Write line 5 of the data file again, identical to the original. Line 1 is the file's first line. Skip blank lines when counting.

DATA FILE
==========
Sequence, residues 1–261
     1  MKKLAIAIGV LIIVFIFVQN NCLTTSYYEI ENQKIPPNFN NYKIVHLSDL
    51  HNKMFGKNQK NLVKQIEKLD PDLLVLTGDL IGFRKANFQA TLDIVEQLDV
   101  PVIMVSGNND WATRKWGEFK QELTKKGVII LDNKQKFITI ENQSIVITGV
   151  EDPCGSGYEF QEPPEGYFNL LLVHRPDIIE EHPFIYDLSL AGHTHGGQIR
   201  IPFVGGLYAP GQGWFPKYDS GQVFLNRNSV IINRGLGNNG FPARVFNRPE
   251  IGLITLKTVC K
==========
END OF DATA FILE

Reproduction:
   151  EDPCGSGYEF QEPPEGYFNL LLVHRPDIIE EHPFIYDLSL AGHTHGGQIR